The professor then connected Papadopoulos to a Russian think-tank director, and Papadopoulos worked for months in an ultimately unsuccessful effort to use his new connections to secure Trump or campaign aides meetings with Putin or Russians officials.
Court documents show that Papadopoulos kept his campaign supervisors briefed along the way. “Make the trip if it is feasible,” campaign co-chairman Sam Clovis told Papadopoulos in August 2016, as the young aide advocated meeting with Russian officials in London or Moscow. Clovis’s lawyer has said he was just being polite.
Meanwhile, Manafort, the man at the top of the campaign, was having ongoing interactions with a longtime Russian associate, the special counsel’s investigation revealed.
Manafort, who had deep connections in Ukraine and Russia because of a decade spent as a political consultant in Kiev, communicated with the Russian throughout the six months he worked for Trump. The Russian was a Manafort employee who Mueller’s prosecutors have said had ties to Russian intelligence, according to court papers.
In July 2016, Manafort instructed the employee, Konstantin Kilimnik, to offer private campaign briefings to a Russian business mogul to whom Manafort owed millions of dollars. The businessman, Oleg Deripaska, who is close to Putin, has said he never received Trump campaign briefings.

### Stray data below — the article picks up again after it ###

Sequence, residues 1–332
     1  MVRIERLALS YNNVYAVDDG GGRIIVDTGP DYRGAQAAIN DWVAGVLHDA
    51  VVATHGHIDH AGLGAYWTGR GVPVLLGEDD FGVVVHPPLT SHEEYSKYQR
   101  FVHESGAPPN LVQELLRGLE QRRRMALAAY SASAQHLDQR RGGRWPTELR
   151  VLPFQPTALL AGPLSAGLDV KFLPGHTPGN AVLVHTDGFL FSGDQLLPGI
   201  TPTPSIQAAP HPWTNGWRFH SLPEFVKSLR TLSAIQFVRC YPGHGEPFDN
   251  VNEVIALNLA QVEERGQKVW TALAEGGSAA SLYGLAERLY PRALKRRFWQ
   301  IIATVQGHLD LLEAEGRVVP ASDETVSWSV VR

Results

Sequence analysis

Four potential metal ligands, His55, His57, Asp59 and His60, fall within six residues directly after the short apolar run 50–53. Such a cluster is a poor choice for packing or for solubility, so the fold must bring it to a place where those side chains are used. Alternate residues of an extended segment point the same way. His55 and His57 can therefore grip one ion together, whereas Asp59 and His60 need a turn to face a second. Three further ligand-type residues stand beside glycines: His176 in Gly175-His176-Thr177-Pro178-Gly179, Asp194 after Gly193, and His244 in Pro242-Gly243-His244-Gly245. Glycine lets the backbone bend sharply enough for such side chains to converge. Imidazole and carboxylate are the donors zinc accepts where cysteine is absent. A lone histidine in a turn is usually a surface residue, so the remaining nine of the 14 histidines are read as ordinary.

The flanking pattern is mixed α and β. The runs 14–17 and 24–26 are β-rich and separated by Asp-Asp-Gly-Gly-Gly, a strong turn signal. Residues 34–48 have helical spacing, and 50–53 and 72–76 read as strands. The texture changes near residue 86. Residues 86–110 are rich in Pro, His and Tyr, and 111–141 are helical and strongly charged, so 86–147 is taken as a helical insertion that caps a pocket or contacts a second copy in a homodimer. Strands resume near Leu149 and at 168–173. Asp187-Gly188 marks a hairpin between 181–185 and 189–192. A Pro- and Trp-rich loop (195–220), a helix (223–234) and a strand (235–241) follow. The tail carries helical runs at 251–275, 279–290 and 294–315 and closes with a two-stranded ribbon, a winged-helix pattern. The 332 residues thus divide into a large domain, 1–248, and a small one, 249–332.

By August 2016, court documents show, Manafort had shared campaign polling data with Kilimnik, for reasons not yet publicly understood.
Manafort was convicted of eight counts of bank and tax fraud in a trial in Virginia in August and in September pleaded guilty to other charges in Washington: conspiring against the United States and obstruction of justice. The 69-year-old was sentenced this month to a total of 7½ years in prison.
Meanwhile, Trump’s personal attorney Michael Cohen was aggressively seeking the consummation of a long-held Trump dream of building a Trump Tower in Moscow. Cohen pursued the idea well into the 2016 campaign, and, at one point, spoke directly to a Kremlin aide to ask for government assistance in advancing the lucrative project, prosecutors revealed in November.
Cohen and Trump business associate Felix Sater perceived the project as a way to boost Trump’s presidential ambitions by demonstrating his close ties to a world leader, their communications show.
“I will get Putin on the program and we will get Donald elected,” Sater wrote to Cohen in November 2015, according to an email turned over to congressional and Mueller investigators. “Buddy our boy can become president of the USA and we can engineer it.”